I am 5'4" and 115 lbs. Currently 32 A. I would like to achive full B. 180 cc will be filled to 200cc and it will go under my muscle. I am not sure it will give a full B figure.
180CC Too Small For A To B Cup Increase?
Doctor Answers 20
Number of cc's need to a B Cup Bra Size
There are many, many variables including the size of the patient and how much breast tissue exists. and perhaps, most significantly, the brand of bra.
Look for a plastic surgeon who can provide hundreds of images of small and natural looking breast augmentation results. Check their training and experience and be sure you find a surgeon who truly understands your goals. The video attached provides information about small breast implants
Breast augmentation A to full B cup
You should go into your procedure confident of what to expect. We use the Rite-Size method outlined on our blog, which has been quite successful. If you are going up one to one and one half cup size, select an implant with a base width identical to your breast base width minus your skin thickness. Depending on where in the A cup range you are and where in the B cup range you want to end up, try both moderate and mid-range profile prostheses with the given width. Confirm with 3D surgical simulation... the system we use is the Axis Three Portrait.
An increase from A cup to B cup for a 32 band bra size....
It is quite likely that the 200 cc implant will create a cup size that may be considered larger than a B cup. Since your bra band size is small (32), it will not take a large volume to get you to a full B cup. Depending on how much breast tissue you currently have (probably not much with an A cup), I would anticipate a C cup with the 200cc. But many times it will depend on the bra style and vendor what your cup size eventually will become. I would not go larger and maybe consider a smaller augmentation volume if you are set on a B cup.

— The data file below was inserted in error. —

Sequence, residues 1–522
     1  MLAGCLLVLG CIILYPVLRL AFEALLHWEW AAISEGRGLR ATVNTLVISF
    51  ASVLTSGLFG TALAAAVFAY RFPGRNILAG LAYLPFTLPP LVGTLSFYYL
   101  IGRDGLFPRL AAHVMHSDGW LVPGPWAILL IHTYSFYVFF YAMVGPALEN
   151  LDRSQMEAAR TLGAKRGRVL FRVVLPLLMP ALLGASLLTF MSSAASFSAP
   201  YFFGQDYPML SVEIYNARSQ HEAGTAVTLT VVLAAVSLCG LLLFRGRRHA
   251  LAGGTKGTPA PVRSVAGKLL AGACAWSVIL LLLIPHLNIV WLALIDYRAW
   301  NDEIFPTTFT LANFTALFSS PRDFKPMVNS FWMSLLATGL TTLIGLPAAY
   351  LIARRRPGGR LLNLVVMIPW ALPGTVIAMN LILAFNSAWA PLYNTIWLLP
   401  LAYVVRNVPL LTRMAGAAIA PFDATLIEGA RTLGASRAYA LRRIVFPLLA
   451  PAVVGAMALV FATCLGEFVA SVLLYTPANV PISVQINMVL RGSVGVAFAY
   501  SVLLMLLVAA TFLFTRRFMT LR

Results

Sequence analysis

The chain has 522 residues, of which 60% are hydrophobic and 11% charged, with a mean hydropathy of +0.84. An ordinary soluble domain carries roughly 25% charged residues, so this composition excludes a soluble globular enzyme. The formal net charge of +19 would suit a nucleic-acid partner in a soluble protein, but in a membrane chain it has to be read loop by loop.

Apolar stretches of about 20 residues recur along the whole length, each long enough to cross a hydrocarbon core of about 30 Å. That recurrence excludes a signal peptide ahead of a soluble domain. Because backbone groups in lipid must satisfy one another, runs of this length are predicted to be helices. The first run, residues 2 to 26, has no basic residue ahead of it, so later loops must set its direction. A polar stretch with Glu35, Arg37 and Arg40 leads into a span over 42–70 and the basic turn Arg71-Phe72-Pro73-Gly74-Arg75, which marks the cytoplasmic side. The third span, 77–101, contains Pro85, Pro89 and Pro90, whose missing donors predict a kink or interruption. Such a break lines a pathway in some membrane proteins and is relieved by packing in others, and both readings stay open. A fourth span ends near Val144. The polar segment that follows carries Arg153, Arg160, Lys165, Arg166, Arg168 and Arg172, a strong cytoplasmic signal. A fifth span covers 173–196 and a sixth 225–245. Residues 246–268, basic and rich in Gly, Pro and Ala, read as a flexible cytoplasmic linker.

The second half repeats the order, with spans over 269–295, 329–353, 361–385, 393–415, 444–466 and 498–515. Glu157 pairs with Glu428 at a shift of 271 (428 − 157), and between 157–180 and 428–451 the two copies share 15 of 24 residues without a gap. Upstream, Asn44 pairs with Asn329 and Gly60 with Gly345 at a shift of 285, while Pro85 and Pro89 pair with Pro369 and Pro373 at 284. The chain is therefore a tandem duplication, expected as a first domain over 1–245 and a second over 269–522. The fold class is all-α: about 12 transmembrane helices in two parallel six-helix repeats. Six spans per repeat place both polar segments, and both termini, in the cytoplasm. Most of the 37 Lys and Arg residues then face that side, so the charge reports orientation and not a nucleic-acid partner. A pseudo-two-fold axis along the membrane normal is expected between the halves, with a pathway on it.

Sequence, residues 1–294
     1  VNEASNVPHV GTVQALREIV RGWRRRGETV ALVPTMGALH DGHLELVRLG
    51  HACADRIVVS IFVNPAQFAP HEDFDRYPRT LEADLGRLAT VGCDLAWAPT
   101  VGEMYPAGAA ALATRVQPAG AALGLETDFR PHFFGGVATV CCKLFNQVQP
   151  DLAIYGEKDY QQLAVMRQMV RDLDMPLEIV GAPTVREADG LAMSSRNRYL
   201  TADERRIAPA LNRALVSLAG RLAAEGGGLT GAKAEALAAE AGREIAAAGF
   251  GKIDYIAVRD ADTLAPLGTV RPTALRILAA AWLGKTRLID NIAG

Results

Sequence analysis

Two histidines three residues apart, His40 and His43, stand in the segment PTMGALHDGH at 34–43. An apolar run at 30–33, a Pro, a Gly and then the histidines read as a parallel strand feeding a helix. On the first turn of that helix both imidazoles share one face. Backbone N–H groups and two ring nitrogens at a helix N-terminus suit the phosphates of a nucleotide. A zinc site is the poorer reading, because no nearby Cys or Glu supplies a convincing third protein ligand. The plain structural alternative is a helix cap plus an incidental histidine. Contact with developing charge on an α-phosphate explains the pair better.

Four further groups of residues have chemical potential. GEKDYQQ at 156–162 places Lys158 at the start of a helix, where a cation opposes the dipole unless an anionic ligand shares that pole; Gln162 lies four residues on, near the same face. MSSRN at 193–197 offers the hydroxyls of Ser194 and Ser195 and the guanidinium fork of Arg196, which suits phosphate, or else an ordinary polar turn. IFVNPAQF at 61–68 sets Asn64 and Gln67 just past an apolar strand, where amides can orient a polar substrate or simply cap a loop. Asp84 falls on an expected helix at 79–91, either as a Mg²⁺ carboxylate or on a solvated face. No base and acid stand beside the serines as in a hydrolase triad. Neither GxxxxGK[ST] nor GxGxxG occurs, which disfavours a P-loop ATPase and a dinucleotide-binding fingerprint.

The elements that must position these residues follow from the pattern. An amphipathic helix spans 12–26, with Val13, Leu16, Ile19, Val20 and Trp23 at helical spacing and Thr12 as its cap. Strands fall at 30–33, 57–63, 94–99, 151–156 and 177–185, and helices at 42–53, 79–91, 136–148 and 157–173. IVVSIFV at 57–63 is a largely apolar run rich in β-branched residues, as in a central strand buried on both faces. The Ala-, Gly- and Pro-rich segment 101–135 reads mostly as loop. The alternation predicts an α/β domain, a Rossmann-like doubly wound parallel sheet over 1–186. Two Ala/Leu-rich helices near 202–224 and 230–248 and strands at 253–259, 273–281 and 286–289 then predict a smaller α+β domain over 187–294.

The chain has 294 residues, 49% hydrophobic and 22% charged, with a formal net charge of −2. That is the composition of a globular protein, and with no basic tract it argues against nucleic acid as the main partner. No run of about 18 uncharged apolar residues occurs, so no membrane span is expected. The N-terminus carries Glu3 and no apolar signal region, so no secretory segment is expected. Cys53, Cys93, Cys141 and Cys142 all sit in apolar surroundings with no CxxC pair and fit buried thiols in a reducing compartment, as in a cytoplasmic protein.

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How much volume needed to go from 32A to 32B
Generally one cup size is 200 cc for smaller band sizes, e.g., 32 and 34. For bra sizes of 36 and up larger volumes are needed.
In my practice we try to give the patient exactly what she wants, rather than aiming for cup size.
As you know, the cup can vary with the bra size. Many women are intermediate, sometimes using a 32, and sometimes a 34. The actual volume of a 34B is about the same as a 32 C. So cup size is an imprecise measure of what size implant to use.
We use gel sizers and let the patient judge when she looks exactly the way she wants to look. That is the size that is most likely to correlate with long-term satisfaction. It could be somewhere in the range of 180 to 240, but the final decision would be up to the patient.
250-300cc implants will increase an A to B cup
Without seeing a picture, it is impossible to determine the best implant size, but in general 250-300cc will increase you a full cup size. I am not sure a 180 cc implant will get you to a full B cup.